Over the past few years, I have been on a journey of processing trauma. Finally, I am seeing a trauma psychologist, and she agrees that I have been finding ways to process trauma on my own.
I am a very sensitive person and I can feel very intense emotions. So intense that I would 'shut down' all the emotion and the trauma would be locked inside, still there - frozen and stuck. It has been a process like in waves, to get unstuck. Sometimes there would be intense waves of intense emotion, like I expressed in the scribble below today. Scribbling messy words helped discharge intense emotions like anger.
I had a migraine (always tension-related) and I was feeling angry about various things. It has been a huge progression for me to allow myself to feel the emotion of anger as it is trauma related for me. I needed to express this somehow (without hurting others), otherwise the anger would eat me up inside, making my migraine worse and contributing to other health issues. I have been diagnosed with bipolar disorder and post-traumatic stress disorder (PTSD) plus had many physical health issues.
I decided to take out a large piece of paper and write out what was bothering me on it. Instead of writing in my journal or starting a painting. The red felt tip pen I chose faded out, so I chose brown (a colour I usually avoid when painting). Shitty brown. I wrote in big, messy words and then turned the paper and kept writing in another direction until I ended up with a pile of patterns and could hardly make out any words. I found this to be a tremendous release.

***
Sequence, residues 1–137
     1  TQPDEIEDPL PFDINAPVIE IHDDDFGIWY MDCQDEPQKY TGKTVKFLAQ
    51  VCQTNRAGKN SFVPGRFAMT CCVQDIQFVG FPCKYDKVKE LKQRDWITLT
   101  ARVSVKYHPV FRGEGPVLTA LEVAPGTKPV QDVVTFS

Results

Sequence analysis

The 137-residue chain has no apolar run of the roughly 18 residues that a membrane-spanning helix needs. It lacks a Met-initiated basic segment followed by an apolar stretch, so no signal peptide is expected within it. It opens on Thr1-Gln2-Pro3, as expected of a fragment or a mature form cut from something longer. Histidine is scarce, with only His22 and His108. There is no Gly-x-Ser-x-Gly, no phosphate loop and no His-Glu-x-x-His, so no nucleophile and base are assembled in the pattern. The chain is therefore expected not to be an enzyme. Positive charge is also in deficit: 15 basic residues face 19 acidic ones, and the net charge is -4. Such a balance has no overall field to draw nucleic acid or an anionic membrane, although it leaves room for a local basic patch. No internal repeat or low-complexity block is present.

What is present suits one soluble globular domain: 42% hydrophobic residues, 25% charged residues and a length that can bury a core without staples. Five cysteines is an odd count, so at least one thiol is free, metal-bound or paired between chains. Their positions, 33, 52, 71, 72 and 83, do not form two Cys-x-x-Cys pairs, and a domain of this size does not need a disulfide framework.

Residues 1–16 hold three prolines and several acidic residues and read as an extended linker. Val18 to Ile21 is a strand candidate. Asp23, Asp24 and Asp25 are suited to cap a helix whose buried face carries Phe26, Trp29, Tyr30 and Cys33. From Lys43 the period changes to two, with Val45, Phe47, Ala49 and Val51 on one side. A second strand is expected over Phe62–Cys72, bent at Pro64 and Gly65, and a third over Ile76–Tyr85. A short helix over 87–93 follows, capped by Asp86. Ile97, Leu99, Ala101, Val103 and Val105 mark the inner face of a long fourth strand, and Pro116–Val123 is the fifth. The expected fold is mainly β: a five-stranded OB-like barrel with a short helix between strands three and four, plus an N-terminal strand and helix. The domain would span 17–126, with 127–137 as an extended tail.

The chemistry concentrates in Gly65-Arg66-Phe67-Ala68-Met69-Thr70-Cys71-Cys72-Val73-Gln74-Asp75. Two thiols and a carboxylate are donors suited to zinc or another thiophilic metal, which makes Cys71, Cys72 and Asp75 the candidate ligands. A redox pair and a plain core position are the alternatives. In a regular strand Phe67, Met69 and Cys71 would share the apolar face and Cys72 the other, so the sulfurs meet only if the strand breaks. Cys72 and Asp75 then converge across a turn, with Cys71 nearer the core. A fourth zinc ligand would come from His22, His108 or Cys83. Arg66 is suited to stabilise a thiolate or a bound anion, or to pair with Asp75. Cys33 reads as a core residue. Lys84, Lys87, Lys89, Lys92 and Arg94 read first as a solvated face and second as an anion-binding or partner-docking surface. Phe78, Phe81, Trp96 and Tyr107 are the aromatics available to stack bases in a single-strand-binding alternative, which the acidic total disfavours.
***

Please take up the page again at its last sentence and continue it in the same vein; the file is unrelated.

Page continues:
I've done this before when I was angry about something that I didn't want to ever read again. I wrote in red pen in my journal (I was manic at the time as well as processing trauma). I don't know what I was angry about any more because I can't read what it says, other than make out a few of the words in a 'flight of ideas' - jumping from one thing to another in purple. I ripped out the page and kept it, because it reminds me that it was therapeutic to express when feeling intense emotion.
I felt the arousal energy build and then diminish, like a wave. And no-one got hurt in the process - including myself (I had suicidal thoughts along with the strong emotion until I expressed it). Scribbling it out was like 'downloading' it, to get it out of my system. I made it in disguise so that even I will forget what it was about. My migraine has diminished significantly - a lot of my migraines I've linked to trauma triggers and stress.
I didn't burn or throw away the brown scribbles right away. Might layer scribbles of colour pencil on top perhaps? A mood abstract? That was how many of my abstract paintings were formed - only using paint and not usually using words. I've also done this with layers of crayons over and over.
The drawing above, Rebirth, was when I was in a 'mixed state' (features of bipolar mania and depression at the same time) and also processing trauma. I felt very frantic at the time expressing my trauma. I broke at least one crayon because I pressed so hard.
I wrote and scribbled in crayon over and over until it couldn't be read anymore, apart from very faintly along the edge, 'He stole my innocence' and the word 'can' - with the 't' in can't crossed out. Then I used a glue stick and glitter and made a symbolic butterfly shape using the initial of my first name, Xanthe. I changed my name to Xanthe because my previous name because a trauma trigger.
I am still healing. It's not an overnight process. It's at times a very painful process. I will not give up.
I burned 15 journals yesterday - that was therapeutic for me too. The remaining journals (most of them written when I was more 'stable'), I will pick through to find any 'gems' before they get burned too. All part of the process of releasing and letting go of painful emotions and memories.
Update: After I wrote this post, I wrote all over the brown scribbled words with scribbly words in colour pencil. Don't remember what I wrote now, but it felt satisfying.
Xanthe finds writing and painting to be therapeutic. She has lived with mental illness for over 25 years. She has been diagnosed with bipolar 1 disorder, post-traumatic stress disorder (PTSD) and social anxiety disorder after originally being diagnosed with 'treatment resistant' depression with general anxiety.